Exhibit of Revision
The general Idea of essay one was, in my opinion, rather sound. It was that Jhumpa Lahiri was trying to express an ideal she cherishes through the biographical anecdote of a man (resembling her father and his story) who comes to America through long and arduous processes. The ideal, and the vein of both the revision and the original essay is that the American dream has been lost, and this character, the narrator, is to revive a model for what it used to be. The difference in the two essays is that in the original, there was less of an analysis of how Jhumpa Lahiri did this in this particular story and more of a critique on the concept of the American idea. In the revision, the rhetorical devices of the author are more thoroughly discussed and then observed through the lens of the American dream. For example, in this segment of text, any allusion to the story is vague if not completely nonexistent:
“In 21st century America, what we ask of the American dream is now utterly different. We seek accolades and financial well being, even at the cost of familiar neglect. We place our hopes on the promise that in America, if something is desire enough it can be had. All the more common now is a want for more of everything, a constant unsatisfied state that leaves most who live in it to wind up wildly unhappy. What was once a pure hope of satisfaction in surviving well and caring for a family has turned into a sprint to hoard ambition, become rich, and avoid disappointing others.”
Compare this now with text from the revised essay:
“It is certain that the narrator’s life is counter the idea of American acquisition of status. He begins his travels in London, where he attends classes at one of the finest economics schools in the world. Craving a job and parched to fulfill his duty as a man — caring for his wife — he does what any sensible American idealist would call insane, drops everything and moves to yet another continent to work at a library. Why would he do this? Why would anyone leave what would obviously turn into a more compensating job to be a librarian? Hence American thought.”
The difference between the two is that the second is focused on the narrator and how the narrator, through the story, can prove an example for the American dream. In the first, whether or not the story is mentioned, or even being discussed is irrelevant. It could have been about how anything represented the American dream, or lack there of it. This mindset continues throughout the entirety of the piece.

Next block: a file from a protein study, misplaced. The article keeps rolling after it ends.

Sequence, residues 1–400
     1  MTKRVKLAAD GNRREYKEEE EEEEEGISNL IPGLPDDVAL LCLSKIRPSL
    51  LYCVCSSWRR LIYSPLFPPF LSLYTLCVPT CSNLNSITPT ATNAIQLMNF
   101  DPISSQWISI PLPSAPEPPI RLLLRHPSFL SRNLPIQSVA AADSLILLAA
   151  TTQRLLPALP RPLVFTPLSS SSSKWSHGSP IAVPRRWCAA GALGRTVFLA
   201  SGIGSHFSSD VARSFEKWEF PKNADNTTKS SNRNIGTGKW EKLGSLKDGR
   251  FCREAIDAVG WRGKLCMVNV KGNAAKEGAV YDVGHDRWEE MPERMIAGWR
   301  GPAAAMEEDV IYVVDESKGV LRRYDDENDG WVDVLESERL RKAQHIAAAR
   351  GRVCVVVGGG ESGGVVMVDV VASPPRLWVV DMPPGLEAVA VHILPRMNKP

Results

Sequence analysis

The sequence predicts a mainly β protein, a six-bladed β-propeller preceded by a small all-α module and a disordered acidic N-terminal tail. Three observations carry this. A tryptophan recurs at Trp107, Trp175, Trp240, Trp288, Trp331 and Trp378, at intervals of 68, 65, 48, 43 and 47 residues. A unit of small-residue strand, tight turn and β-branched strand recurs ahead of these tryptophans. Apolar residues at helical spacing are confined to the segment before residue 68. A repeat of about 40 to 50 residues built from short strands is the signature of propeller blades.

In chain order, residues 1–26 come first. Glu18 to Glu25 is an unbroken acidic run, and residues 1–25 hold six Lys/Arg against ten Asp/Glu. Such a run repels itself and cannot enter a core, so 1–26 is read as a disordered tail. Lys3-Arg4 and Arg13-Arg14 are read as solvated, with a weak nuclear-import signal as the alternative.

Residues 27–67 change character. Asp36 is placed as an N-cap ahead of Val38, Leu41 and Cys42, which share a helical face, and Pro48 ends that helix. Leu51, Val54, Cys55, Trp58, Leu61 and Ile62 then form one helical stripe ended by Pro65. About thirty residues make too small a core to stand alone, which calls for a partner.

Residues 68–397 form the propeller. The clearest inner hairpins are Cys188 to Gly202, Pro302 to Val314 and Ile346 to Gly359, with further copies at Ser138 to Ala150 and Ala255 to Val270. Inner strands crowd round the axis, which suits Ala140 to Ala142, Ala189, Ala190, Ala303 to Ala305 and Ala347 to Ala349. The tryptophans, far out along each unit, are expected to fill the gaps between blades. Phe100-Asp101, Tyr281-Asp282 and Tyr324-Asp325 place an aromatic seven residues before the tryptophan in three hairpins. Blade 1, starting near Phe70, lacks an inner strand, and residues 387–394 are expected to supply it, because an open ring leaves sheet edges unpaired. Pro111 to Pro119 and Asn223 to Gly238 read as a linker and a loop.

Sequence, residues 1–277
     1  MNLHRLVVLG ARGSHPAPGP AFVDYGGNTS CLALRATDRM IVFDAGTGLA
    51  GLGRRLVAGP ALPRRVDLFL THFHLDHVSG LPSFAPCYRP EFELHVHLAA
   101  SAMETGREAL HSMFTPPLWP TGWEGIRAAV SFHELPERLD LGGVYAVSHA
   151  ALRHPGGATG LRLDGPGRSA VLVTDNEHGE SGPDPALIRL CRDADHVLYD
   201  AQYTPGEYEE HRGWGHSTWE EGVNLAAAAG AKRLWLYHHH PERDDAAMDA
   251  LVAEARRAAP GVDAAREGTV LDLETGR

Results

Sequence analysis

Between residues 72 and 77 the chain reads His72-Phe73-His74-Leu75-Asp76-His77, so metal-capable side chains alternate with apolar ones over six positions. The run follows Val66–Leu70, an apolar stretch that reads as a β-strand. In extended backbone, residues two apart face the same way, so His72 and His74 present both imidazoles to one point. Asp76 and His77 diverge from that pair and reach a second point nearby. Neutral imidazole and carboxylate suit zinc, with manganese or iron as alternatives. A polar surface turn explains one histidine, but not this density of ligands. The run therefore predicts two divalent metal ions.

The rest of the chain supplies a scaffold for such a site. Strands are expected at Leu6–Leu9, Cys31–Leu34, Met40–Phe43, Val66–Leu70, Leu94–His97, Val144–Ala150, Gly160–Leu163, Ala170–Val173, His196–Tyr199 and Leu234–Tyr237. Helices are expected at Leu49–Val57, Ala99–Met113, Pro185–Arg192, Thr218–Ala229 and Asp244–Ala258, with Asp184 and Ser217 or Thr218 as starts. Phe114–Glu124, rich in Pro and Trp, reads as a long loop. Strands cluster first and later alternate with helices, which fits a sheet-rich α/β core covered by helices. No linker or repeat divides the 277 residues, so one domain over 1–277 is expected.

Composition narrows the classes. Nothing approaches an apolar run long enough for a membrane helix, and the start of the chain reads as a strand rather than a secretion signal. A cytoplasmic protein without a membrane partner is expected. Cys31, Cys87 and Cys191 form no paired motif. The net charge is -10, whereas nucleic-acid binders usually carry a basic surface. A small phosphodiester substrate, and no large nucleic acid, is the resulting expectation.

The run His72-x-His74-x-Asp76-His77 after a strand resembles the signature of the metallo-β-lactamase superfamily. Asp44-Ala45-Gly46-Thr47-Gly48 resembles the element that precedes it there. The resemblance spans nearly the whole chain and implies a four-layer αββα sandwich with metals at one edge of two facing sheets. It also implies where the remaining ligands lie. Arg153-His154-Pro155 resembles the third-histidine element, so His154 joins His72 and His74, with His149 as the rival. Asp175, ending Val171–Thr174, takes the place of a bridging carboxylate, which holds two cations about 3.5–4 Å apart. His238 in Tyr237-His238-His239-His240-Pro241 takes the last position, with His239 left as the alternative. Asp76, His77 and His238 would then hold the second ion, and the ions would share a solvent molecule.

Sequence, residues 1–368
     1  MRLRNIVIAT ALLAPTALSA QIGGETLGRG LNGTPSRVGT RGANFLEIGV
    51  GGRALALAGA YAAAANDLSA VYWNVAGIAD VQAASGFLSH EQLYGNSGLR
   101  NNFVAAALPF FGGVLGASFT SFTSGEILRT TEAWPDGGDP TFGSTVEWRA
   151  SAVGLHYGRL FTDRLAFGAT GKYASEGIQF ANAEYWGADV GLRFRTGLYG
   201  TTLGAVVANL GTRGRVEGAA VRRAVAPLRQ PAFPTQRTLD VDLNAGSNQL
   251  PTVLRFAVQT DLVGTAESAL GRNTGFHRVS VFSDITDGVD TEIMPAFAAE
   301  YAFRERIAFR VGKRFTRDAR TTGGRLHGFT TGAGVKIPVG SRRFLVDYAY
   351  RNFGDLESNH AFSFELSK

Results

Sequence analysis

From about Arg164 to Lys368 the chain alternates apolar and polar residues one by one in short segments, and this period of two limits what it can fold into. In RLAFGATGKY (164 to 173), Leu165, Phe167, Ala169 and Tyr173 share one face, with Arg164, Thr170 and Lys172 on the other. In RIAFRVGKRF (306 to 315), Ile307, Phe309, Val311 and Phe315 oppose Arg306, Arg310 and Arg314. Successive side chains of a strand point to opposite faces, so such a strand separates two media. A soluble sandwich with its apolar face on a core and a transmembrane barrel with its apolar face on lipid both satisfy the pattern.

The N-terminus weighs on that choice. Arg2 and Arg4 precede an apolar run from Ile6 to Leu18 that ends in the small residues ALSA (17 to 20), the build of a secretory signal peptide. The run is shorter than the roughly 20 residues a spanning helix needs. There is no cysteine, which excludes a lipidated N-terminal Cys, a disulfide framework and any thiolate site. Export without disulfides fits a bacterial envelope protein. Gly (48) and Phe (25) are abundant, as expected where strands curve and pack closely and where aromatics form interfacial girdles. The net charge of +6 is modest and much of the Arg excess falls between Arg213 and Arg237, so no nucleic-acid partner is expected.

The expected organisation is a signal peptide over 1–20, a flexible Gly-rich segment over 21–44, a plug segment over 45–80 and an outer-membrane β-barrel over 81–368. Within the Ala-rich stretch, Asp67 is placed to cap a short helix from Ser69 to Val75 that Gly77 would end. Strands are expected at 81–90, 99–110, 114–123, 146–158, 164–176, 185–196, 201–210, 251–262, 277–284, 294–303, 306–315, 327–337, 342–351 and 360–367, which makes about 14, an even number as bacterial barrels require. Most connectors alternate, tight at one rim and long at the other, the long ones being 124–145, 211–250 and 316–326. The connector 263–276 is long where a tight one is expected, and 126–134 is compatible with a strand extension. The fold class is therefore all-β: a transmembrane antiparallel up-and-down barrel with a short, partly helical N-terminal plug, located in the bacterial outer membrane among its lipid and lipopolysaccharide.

The good thing about the revision is that instead of assuming what the story says about materialism, it takes quotes and evidence. In the original, there is only a mention of the narrator and the story. In the second, he is the whole focus. See the difference between the first and second drafts:
“Through the narrator as an example, she tries to help Americans remember a dream that they have awoken and then forgotten. It is a very Biblical thing. Some will hear and adapt, the mass of others will not hear and will not adapt. To those who seek such an ideal, take courage; for whilst life may lack ease, it will never lack joy. And when it is over, it will not be the success garnered or the approval had that will make it a good life, but the relationships formed, the kind acts done, and the family well loved. Yes, man has landed in the heavens, but for those seeking the intrinsic joy of the American dream, the heavens have been found not in the sky, but in the hearts of men.”
“As all the smoke and dust clears from the hot welding of morality and character, Lahiri leaves the story with the only thing left to be said in the argument in favor of the traditional and simple way of life, the classic american dream, the opposition to the status focused, and monetarily driven ideals of the modern day: ‘I am not the only man to seek his fortune far from home, and certainly I am not the first. Still, there are times I am bewildered by each mile I have travelled, each meal I have eaten, each person I have known, each room in which I have slept. As ordinary as it all appears, there are times when it is beyond my imagination.’”
In this essay, the focus was very specific, which I think was a positive. In the original, the focus was mainly dealing with the Jews and concentration camp throughout. In the second essay, I allowed the concentration camp aspect to sit in the back ground instead of being the focus. Other than this, the essay, although short, was poignant.
“The Soup Reich” is an example of a hint that was dropped early on in the essay of the first draft. In the second draft, this is kind of early hint making is removed and replaced with more subtle building of the concentration camp as a punch line.